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Renewable Heat Incentive reforms come into force

Posted by Sam Tonge on 16 May 2018 at 9:31 am

During February 2018, the Department for Business, Energy and Industrial Strategy (BEIS) published a second round of draft regulations which covered plans to reform aspects of both the Domestic and Non-Domestic Renewable Heat Incentive (RHI) schemes.

It's been announced this week that these reforms have been approved following a debate in Parliament, and are to come into force on 22 May 2018. As expected, these changes include the introduction of an Assignment of Rights, mandatory electricity metering for heat pump technology, changes to degression rules and new enforcement powers for Ofgem.

The RHI is a scheme designed to pay homeowners and businesses for heat produced from their renewable sources of energy. The scheme is designed to incentivise the switch to greener heating systems is designed to help the UK reduce its carbon emissions and meet its renewable energy targets.

In this article we look at how the acceptance of these proposed changes will affect users of the domestic RHI, i.e. homeowners and landlords.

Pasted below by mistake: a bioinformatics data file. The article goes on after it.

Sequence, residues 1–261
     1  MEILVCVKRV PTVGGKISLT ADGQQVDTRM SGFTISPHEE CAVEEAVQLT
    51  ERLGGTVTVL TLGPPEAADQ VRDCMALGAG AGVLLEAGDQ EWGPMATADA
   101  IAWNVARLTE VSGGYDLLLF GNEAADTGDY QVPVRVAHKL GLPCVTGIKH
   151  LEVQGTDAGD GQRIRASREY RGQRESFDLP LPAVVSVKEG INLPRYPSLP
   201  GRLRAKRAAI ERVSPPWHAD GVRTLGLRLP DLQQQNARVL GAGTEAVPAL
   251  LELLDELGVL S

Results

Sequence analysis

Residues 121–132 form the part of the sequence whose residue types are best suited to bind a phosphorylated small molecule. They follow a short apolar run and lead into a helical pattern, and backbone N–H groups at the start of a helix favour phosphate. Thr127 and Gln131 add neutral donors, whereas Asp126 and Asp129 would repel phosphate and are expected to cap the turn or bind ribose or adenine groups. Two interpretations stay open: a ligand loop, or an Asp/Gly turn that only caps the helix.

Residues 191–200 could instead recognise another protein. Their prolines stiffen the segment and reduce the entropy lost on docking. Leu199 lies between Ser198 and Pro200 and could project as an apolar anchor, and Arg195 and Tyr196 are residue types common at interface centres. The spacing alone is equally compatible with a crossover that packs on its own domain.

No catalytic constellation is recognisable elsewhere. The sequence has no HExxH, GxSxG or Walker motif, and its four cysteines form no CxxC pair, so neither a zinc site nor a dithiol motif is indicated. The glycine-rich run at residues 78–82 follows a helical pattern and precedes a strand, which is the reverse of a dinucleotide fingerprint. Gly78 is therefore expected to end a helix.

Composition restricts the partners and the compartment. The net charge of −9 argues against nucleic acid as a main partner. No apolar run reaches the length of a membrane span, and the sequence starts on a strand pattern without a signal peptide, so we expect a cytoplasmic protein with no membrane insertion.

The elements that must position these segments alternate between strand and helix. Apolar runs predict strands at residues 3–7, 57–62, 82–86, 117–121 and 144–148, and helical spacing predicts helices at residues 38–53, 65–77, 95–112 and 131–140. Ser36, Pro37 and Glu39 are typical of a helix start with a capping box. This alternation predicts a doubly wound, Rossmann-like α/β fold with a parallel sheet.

Introduction of Assignment of Rights (AoR)

This option is designed to help householders overcome the need to find the funds to pay for a renewable heating system upfront. Through an AoR, an investor can fund the purchase, installation and maintenance of a system, in exchange for receiving the householder’s or landlord’s RHI payments.

Although expensive to install, renewable heat technologies can be a desirable and good investment as a result of the RHI payments as well as savings on fuel costs (depending on the fuel to be replaced).  If your fuel costs with a renewable heating system would be higher than the system currently installed (likely if you currently heat your home with mains gas) please do think carefully before entering into an AoR as your bills will go up and you will not receive the RHI payments to counter the impact of this.

The draft regulations stated that the introduction of an AoR will come into effect on 27 June 2018. It will be interesting to see how many investors take up this opportunity and market an offer and likewise, what the uptake from householders will be.


Introduction of mandatory electricity metering for heat pumps

As set out in the new  regulations , all new applications for the Domestic RHI scheme will be required to have dedicated electricity metering arrangements installed with their air or ground source heat pump.

This will help households monitor the performance of their heat pump and to provide a better understanding of the heat pump system’s electricity usage as not all installed heat pumps have been working as efficiently as they should. Enhanced monitoring of ground and air source heat pump efficiency will also help to improve the development of the technologies.

Consumers can choose between electricity meters, on-board electricity meters, or a Metering and Monitoring Service Package (MMSP) for their heat pump.

Note: This change will also apply to those domestic properties on shared ground loop systems that benefit from the non-domestic RHI.


Changes to degression rules